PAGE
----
Book Review: The Overstory by Richard Powers
Winner of the 2019 Pulitzer Prize in Fiction
Shortlisted for the 2018 Man Booker Prize
New York Times Bestseller
A New York Times Notable Book and a Washington Post, Time, Oprah Magazine, Newsweek, Chicago Tribune, Kirkus Reviews, and Amazon Best Book of the Year
Richard Powers’s twelfth novel unfolds in concentric rings of interlocking fables that range from antebellum New York to the late twentieth-century Timber Wars of the Pacific Northwest and beyond.
When it was first suggested that I read The Overstory, I asked what it was about and was told, “It’s a book about trees.” Indeed it is, but as Richard Power’s epic moves steadily through the last half of the past century on 500-pages (of recycled paper), following nine people and the trees that impact their lives, the phrase “a book about trees” becomes surprisingly more compelling.
A remarkable aspect of The Overstory is how Powers has manipulated the definition of tree in his book so much that when it is described as a “book about trees” it relays the image of a book about beings more ancient and more evolved than our own species; beings that have adapted and changed and lived for longer than nearly any other animal that has walked on the earth; beings that new evidence suggests think and communicate and display even a certain ability for intelligence.
Beings that learn. They are respected precisely because they become characters the reader will root for (pun intended), their personification coming through the eyes of the people they impact.
The book opens at the beginning of the blight that destroyed the American chestnut in the Twentieth Century. There is the Hoel Chestnut, one of the few survivors of the blight, and whose character is revealed through the lens of the immigrants and their descendants who carried its seed to the open plains of Iowa to plant it and unwittingly kept it isolated from the blight as its brethren went extinct. There is a pine grove in the middle of a city which serves as a sanctuary for a woman ignoring a past that was happy before a devastating turn. And then there is Mimas. Mimas—a giant, ancient redwood that becomes the object and mascot of early nineties protests by a fringe group decrying deforestation in the Pacific Northwest. Mimas—a being so old, so immemorable that it is impossible to believe he does not have memory. The character who may make the reader consider the trees in their own backyard a little differently.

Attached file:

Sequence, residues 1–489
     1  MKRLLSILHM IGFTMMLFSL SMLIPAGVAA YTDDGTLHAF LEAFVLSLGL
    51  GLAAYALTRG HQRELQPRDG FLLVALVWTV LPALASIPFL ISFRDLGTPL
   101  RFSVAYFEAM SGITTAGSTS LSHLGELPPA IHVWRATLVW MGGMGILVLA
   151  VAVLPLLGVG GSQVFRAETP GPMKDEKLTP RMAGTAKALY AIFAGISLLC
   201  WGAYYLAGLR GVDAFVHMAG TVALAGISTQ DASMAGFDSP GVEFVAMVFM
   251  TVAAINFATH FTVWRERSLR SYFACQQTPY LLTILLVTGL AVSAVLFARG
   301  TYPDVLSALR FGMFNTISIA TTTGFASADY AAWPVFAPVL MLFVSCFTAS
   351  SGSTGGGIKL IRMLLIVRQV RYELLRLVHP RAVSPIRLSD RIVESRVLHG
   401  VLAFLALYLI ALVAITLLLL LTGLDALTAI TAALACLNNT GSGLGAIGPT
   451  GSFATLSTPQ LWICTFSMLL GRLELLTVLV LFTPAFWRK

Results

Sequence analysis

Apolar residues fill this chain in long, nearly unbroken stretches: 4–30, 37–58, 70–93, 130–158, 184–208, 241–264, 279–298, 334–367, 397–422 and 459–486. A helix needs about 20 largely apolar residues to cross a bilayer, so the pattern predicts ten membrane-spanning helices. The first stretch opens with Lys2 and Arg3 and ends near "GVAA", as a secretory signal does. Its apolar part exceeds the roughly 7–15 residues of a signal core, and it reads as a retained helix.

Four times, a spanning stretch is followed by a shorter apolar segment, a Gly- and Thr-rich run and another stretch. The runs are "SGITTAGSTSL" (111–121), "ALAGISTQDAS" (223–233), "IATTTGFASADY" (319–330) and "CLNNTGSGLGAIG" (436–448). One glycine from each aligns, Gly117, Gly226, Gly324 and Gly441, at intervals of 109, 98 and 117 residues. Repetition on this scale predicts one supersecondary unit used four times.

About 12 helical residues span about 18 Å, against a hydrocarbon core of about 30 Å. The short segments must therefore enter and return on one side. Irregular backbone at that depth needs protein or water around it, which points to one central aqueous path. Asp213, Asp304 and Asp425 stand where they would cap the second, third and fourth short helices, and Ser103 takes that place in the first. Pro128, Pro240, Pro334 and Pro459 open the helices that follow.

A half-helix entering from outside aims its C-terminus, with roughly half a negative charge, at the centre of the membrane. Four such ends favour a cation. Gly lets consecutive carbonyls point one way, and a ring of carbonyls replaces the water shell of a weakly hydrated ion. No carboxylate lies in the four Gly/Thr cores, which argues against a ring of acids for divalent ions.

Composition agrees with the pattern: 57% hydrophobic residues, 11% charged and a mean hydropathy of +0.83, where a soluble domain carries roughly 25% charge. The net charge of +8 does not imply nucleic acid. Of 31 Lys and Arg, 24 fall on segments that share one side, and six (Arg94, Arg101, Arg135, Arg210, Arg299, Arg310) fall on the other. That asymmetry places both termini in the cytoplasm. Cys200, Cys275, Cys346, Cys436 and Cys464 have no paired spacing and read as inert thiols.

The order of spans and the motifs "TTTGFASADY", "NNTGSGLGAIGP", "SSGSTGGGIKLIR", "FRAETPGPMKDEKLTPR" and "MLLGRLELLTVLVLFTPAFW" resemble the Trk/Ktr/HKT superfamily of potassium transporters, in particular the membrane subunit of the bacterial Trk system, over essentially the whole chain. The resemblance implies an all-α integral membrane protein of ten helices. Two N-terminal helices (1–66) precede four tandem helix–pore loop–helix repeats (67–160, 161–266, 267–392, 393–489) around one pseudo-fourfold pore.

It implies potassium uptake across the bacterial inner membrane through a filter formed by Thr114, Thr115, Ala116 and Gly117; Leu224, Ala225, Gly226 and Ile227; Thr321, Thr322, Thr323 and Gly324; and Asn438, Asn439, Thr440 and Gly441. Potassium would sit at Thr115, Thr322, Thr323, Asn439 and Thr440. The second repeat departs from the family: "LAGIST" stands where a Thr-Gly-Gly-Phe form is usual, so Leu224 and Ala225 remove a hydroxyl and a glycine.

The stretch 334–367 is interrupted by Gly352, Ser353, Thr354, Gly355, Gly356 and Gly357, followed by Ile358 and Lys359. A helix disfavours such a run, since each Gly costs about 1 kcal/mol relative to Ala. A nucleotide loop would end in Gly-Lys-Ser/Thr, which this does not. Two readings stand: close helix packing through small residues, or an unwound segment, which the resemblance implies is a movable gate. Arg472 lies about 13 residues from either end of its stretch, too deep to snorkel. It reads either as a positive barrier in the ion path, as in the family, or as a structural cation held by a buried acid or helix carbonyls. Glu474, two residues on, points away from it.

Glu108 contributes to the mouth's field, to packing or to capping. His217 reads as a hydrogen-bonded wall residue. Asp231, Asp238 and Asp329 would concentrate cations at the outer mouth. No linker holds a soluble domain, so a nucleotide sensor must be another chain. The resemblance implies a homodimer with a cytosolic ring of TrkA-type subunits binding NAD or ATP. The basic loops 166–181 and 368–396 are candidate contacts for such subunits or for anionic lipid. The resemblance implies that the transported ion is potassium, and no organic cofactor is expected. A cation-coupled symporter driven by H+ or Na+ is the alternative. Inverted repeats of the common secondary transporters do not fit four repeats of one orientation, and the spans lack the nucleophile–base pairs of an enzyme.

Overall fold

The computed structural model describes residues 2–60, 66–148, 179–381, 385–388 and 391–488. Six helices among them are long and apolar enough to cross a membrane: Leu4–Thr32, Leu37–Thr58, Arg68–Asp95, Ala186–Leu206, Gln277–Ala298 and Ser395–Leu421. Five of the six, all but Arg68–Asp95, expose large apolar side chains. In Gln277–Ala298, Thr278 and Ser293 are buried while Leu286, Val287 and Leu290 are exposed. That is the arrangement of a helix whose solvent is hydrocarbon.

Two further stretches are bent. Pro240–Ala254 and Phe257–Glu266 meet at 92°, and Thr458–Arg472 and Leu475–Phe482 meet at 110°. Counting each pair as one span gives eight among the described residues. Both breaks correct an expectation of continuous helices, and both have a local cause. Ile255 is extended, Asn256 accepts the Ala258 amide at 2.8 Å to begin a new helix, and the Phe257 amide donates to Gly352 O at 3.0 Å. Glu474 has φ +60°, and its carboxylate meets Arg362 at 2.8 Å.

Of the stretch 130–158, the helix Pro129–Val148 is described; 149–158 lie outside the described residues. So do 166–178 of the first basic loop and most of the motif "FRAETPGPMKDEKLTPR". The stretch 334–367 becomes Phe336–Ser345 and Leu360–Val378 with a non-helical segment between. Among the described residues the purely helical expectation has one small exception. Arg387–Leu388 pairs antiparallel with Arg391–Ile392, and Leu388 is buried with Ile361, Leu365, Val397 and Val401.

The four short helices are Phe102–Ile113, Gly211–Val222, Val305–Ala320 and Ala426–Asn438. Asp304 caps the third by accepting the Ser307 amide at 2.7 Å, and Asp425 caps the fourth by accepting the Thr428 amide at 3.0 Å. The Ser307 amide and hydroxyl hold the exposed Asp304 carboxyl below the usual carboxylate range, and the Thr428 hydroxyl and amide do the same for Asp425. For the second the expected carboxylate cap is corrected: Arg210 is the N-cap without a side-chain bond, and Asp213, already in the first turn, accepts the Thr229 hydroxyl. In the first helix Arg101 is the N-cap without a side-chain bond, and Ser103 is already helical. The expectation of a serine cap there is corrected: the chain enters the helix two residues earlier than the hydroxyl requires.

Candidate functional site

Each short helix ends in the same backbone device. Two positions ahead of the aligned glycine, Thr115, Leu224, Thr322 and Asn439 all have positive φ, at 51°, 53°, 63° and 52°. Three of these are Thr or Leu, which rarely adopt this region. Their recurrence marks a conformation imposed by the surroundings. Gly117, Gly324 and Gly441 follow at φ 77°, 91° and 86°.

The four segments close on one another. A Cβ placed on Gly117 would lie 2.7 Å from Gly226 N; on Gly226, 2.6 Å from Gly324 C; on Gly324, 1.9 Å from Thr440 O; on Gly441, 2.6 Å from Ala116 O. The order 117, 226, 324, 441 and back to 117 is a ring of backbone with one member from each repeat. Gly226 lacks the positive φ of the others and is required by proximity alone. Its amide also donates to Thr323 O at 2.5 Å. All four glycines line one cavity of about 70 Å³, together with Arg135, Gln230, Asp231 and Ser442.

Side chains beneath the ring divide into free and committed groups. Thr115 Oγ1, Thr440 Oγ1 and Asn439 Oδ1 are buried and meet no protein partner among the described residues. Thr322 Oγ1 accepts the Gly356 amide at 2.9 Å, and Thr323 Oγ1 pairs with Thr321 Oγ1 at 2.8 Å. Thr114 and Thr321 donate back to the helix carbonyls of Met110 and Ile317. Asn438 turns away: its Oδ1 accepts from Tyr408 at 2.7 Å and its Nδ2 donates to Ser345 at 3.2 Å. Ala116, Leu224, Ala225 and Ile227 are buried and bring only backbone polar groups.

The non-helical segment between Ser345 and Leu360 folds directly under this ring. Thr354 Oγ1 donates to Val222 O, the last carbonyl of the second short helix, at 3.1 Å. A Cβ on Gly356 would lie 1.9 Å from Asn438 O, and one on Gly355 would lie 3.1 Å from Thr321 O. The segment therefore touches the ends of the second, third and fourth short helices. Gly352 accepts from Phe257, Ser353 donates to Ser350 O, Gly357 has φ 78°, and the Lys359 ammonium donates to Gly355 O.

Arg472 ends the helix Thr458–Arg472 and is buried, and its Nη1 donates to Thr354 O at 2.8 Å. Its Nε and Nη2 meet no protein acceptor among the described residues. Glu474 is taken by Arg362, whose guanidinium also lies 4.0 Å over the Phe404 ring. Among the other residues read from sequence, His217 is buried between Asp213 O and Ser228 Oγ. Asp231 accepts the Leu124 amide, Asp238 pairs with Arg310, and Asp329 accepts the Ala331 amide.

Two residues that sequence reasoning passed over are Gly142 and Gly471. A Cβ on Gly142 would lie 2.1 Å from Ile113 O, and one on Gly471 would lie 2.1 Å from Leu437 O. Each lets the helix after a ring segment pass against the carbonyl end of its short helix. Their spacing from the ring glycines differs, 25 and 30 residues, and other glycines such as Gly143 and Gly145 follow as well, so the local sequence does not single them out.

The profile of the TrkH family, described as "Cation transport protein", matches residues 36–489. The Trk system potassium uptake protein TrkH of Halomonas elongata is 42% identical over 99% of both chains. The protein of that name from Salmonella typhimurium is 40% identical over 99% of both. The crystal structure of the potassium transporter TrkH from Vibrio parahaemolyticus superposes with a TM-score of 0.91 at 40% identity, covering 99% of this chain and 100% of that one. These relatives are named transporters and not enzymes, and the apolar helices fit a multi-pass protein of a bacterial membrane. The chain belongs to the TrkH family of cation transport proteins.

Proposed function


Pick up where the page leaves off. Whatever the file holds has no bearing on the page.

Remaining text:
That’s the effect he had on me.
After reading the story I began noticing the trees in my own neighborhood; and for the first time in a decade or more, really looking at them. I even went out and bought a field guide on native trees, believing that I owe them the respect of knowing their names if I’m going to pass them every day.
I recognize this makes me sound a bit hippy-dippy (shudder), or like a (*gulp) tree-hugger. But, despite my ridiculous worry on what people might think, I’ve been taking notes and learning their names. It’s been eye-opening and even a little cathartic for the soul in these strange times.
For years I have admired the large, fiery pod bunches and crepe-y flowers that bloom in the spring on a tree about thirty yards down the street…and now I know that tree’s name—Ailanthus. I have also become aware that amongst the row of hackberries crowding the fence in the backyard is a single Chinese Elm, its crown unfolding just above its yard-mates (so high it was nearly impossible for me to identify.) And my favorite discovery has been that of a tree I assumed has no business being where it is. A bald cypress sits on the campus of the local high school, and I always thought they only grew in swamps. I like to imagine the cypress is a mini-Mimas and give its trunk a little pat whenever I’m jogging by.
It is this perspective on the natural world in which The Overstory creates the most impact. The book insists that the reader stop assuming that we are the most highly evolved creatures on earth, and that there may be other forms of life that are highly evolved in ways we have never considered. It tells a story of how a forest becomes less a forest and more a comprising of individuals.
Most importantly it makes an indelible comment on how society is structured and the ongoing tragedy of what we really lose when losing our connection to the natural world. The Overstory even hints at how to get it back, and it might just start by simply naming the tree in the backyard.
Oh, and it won a Pulitzer.